In the processing of a hollow member 3. the hollow member 3 is mounted between two flights 22 at the feed end of the conveyor. The hollow member 3 on the conveyor 21 moves to a position adjacent to pre-heat air gun 25. wherein gun 25 is inserted into the hollow member 3. Pre-heated compressed air is then forced into the member 3 whereby the temperature of the inner surface of member 3 is brought to a temperature sufficient to start the reaction of the foaming mix which is to be added later in the process. It is noted that when utilizing a polyurethane foam mix. the preheated compressed air is utilized to bring the temperature of the inner surface of member 3 to a temperature of at least 140F. When the inner surface of the hollow member 3 has been brought to the reacting temperature. a foam filling probe 26 attached to a conduit 27 which is in fluid communication with the reactant mix (not shown) is inserted completely into the hollow member 3. The probe 26 is then removed and upon removal probe 26 is activated whereby the foam mix is sprayed around the inner surface of the hollow member 3 for a preselected period of time thereby covering a preselected portion of the member 3. As the foam filling probe 26 is then removed. the probe 26 at a selected position is de-activated whereby a selected portion of the central portion of the hollow member is not subjected to the foam spray mix thereby leaving a central portion of the member 3 hollow. As the probe 26 approaches the opposite end of the member 3, the probe 26 is again activated wherein the liquid foam solution coats a preselected portion of the inner surface of themember 3. The probe 26 usually stays activated until it is substantially adjacent to the edge of the member 3. The probe 26 is then removed and the hollow support member 3 continues along the conveyor 21 wherein the reaction mix cures thereby forming a solid foam portion at each end of the support 3.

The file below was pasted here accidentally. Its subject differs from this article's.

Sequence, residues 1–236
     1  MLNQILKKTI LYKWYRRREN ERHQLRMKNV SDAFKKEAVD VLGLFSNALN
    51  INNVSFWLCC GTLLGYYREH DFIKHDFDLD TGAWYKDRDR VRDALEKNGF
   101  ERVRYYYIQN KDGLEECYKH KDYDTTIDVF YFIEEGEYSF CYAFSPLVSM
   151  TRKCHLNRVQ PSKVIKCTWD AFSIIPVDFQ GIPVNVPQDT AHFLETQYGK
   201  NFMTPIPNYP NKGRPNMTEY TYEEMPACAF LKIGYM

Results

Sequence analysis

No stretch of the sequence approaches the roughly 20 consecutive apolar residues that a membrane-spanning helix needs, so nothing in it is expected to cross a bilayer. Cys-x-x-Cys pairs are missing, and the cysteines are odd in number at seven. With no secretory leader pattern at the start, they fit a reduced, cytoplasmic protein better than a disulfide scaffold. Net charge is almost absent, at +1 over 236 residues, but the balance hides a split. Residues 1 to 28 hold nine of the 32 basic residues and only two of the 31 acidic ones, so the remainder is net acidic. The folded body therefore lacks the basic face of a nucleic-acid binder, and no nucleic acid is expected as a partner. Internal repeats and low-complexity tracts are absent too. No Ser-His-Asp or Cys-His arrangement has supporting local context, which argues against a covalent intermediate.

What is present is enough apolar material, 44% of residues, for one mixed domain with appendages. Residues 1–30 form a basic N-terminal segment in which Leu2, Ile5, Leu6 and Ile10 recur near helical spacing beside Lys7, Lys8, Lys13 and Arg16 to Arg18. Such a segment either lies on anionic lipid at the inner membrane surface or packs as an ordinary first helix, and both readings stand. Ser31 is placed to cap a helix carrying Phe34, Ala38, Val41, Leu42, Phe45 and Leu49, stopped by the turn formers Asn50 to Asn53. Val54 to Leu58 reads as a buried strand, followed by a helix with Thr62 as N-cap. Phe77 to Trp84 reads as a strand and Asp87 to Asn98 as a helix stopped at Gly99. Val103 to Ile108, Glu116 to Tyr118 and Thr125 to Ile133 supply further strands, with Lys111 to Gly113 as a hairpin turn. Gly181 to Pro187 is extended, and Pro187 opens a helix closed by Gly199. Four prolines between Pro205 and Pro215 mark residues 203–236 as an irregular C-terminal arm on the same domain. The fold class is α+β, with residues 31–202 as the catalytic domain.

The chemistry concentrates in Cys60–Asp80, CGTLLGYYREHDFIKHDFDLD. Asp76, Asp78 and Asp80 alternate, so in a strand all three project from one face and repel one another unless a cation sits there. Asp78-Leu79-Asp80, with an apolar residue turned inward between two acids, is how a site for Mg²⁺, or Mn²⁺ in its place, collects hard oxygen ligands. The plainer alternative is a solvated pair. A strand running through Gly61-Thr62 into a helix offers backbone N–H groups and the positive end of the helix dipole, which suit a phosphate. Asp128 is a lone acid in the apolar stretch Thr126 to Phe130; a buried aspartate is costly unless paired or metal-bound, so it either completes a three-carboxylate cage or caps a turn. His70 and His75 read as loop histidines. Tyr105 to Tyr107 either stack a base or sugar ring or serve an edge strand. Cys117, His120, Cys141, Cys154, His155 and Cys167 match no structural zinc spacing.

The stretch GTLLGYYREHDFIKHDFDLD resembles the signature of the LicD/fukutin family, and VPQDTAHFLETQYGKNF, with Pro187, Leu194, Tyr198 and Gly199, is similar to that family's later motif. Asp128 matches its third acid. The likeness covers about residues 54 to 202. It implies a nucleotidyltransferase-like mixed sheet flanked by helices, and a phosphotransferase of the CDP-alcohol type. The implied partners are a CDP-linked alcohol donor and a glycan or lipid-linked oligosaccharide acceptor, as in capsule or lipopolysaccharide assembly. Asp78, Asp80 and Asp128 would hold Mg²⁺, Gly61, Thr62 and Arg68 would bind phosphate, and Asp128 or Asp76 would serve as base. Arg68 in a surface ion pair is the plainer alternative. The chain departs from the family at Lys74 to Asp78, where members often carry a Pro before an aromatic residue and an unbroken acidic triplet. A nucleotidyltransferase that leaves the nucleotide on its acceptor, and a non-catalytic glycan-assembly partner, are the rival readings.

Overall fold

It is noted that the hollow member includes an aperture 14 disposed substantially in the middle of the top of the member 3. The aperture 14 is necessary to allow for the evacuation of carbon dioxide or other byproduct gases which evolve during and after the injection of the reaction mix. 7